Last year, we published Volume 1 of The SaaS Startup Founder’s Guide to help startups and growing AppExchange partners understand the basics around selling to the enterprise customer, and this year we’re thrilled to follow up with The SaaS Startup Founder’s Guide Volume 2. In this book, we dive deeper on such topics as gaining a better understanding of your customer, assessing and solving business challenges unique to the SaaS industry, and key sales and marketing strategies to help you grow.

Below is a sneak peak of business advice from the best; from SaaS startup founders and industry experts like Tien Tzuo, Founder & CEO of Zuora, Mark Organ, Founder and CEO of Influitive, and social selling evangelist Jill Rowley. Whether you’re just entering the startup arena or searching for a community to accelerate growth, the quotes below can guide your decisions in navigating the complex world of SaaS. And don’t forget to download the full book for more in-depth insights.

On finding your million-dollar idea

“If you want to build a category king, I encourage you to leave your ego at the door, put on your detective hat, and listen with a beginner’s mind. You cannot will a category into being. You have to discover and develop a category by serving a very specific group of customers with a solution that fits their unique need.” - Mark Organ CEO, Influitive

“Think like an anthropologist. Discover and study fringe cultures that operate outside the mainstream and that could be massively elevated by new trends and disruptive technology. The idea is not to bet on disruptive technology, but rather bet on the people who would most benefit from it and serve them with a tailored technology solution.” - Mark Organ CEO, Influitive

On ensuring an idea will work

“Before you launch, you must be prepared. You must be sure that you’re serving a real market need, not tackling a problem only because it’s interesting to solve. In my experience, immersing yourself in your customer’s world is the best way to gain the awareness needed to spot real opportunities for market disruption.” - Sean Jacobsohn Partner at Norwest Venture Partners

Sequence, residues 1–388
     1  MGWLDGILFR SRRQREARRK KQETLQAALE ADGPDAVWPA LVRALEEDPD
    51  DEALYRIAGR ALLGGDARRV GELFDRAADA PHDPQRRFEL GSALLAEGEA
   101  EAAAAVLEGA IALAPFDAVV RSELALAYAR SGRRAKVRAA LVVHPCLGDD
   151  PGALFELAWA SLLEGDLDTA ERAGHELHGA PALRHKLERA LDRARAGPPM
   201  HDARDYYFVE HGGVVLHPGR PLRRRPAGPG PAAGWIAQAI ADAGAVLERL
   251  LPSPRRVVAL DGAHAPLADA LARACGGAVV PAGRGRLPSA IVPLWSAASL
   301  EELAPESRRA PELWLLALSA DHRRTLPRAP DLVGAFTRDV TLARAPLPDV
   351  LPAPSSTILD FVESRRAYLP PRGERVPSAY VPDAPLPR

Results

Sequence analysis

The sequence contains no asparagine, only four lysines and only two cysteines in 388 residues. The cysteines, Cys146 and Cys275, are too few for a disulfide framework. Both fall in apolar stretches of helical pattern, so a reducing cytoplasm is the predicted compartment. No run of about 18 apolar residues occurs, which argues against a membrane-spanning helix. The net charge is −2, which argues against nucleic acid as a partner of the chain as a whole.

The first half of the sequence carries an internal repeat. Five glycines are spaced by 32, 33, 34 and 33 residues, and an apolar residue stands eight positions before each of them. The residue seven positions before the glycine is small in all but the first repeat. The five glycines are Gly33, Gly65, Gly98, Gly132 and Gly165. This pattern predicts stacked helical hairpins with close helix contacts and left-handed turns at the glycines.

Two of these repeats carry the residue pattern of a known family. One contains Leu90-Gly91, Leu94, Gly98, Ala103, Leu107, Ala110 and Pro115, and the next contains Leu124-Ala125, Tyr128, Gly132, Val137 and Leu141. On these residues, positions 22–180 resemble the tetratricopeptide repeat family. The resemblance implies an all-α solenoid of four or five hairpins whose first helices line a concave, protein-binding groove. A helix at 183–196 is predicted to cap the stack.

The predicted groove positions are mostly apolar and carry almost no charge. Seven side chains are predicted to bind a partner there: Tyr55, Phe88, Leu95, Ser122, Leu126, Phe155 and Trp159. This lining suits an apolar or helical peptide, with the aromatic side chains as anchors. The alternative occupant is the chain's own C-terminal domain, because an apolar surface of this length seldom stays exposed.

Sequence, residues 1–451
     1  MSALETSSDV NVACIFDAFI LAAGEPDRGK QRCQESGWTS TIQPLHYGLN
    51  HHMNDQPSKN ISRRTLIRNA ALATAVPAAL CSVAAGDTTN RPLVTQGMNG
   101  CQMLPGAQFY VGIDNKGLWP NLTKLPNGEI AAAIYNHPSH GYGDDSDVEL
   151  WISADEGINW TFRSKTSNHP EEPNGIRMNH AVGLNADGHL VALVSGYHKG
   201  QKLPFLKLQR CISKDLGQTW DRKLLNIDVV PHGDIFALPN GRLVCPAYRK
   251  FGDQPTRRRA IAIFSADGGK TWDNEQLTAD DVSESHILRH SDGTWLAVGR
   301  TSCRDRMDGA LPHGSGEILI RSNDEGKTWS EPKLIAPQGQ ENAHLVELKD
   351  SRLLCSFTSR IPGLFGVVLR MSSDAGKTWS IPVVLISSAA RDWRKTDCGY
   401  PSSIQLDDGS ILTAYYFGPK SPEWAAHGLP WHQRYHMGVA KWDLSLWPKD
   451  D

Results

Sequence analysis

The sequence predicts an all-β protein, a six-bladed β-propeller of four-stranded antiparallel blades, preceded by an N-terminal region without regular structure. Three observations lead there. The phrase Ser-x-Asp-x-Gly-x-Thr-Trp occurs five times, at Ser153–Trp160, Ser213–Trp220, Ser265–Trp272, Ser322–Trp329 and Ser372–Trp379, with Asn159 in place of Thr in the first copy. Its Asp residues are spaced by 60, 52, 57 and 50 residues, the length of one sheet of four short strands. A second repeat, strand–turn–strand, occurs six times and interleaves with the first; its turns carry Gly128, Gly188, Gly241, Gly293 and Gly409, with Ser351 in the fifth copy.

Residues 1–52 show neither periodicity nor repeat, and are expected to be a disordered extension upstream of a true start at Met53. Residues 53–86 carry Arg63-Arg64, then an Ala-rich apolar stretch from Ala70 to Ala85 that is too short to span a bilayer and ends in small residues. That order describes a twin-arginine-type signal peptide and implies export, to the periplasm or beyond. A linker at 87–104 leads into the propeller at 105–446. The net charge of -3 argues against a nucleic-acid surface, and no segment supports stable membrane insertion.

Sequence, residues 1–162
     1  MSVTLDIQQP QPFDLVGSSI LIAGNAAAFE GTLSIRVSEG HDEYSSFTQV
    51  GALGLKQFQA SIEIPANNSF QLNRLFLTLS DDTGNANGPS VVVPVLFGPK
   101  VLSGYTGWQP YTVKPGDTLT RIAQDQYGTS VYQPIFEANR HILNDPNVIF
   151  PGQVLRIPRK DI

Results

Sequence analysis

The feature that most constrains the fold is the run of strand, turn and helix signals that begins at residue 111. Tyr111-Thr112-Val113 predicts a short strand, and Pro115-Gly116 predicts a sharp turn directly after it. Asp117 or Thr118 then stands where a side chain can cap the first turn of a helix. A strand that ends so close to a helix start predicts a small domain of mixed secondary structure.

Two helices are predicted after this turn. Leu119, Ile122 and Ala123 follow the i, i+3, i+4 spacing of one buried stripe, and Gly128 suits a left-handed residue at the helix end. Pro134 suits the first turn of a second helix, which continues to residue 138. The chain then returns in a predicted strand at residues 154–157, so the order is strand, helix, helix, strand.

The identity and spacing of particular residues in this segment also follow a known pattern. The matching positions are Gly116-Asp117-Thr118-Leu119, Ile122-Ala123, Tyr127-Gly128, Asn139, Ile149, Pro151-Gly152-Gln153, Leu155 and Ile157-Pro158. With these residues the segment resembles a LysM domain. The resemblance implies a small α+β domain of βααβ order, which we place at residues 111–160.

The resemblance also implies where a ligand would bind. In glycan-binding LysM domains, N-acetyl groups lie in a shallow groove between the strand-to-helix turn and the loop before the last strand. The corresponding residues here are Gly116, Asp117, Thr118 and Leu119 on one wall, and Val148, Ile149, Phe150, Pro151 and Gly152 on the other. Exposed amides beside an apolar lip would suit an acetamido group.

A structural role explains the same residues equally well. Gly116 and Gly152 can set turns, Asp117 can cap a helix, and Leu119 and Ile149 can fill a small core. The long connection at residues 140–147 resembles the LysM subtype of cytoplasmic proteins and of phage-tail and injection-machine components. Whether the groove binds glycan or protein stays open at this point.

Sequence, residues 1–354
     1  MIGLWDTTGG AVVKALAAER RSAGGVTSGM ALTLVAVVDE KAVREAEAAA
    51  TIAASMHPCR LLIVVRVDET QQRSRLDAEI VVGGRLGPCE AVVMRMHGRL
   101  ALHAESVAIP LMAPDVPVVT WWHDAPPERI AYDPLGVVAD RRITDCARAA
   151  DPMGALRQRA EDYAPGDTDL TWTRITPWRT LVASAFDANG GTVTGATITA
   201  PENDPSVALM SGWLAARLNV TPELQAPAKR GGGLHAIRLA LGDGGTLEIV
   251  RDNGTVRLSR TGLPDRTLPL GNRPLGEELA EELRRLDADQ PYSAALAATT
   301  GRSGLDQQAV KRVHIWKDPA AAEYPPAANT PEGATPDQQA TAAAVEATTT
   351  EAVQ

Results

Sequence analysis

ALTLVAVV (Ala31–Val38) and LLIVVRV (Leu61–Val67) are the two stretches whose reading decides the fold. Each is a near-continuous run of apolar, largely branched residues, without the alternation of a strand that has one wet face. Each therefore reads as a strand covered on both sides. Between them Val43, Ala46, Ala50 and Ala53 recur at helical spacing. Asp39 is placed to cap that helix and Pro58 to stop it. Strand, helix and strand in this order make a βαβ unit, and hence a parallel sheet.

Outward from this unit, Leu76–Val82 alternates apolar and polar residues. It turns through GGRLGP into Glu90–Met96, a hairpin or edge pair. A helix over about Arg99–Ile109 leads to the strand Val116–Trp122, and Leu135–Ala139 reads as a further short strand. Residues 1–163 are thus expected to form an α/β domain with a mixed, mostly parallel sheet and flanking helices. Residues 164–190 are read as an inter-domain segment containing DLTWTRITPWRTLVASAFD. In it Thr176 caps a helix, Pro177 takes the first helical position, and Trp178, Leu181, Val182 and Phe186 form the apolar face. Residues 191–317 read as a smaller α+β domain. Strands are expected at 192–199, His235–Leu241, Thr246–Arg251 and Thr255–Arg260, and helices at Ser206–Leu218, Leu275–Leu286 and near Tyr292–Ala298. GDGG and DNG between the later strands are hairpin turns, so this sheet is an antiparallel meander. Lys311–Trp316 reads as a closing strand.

“You can make an unsuitable product fit the market, but you can never make the market fit an unsuitable product. This is why large companies spend millions of R&D dollars on extensive market analysis, using methodologies ranging from surveys and online analytics platforms, to analyst meetings and focus groups.” - Sean Jacobsohn Partner at Norwest Venture Partners

On finding the right investors

“You should only raise money from investors who will be hard on you and hold you accountable in good times, but will bat for you when things inevitably go wrong. Many founders think a brand-name investor is all you need or, worse, that all investment money is good money. Choose wisely: You are entering into a long-term relationship that requires a lot of trust and compromise.” - Deepa Subramanian CEO, Wootric

On catering to the all-mighty customer

“Companies have woken up to the fact that people want outcomes, not ownership. They want customized experiences, and they want continuous improvement, not planned obsolescence. This isn’t a software story anymore. The table stakes have been raised for every industry.” - Tien Tzuo Founder and CEO, Zuora

“Getting customers to believe you’re there to help them means you have to genuinely think like them and speak their language. The tools and enablement strategies you leverage in your organization need to reflect a buyer-centric approach.” - David Priemer VP, Sales, Influitive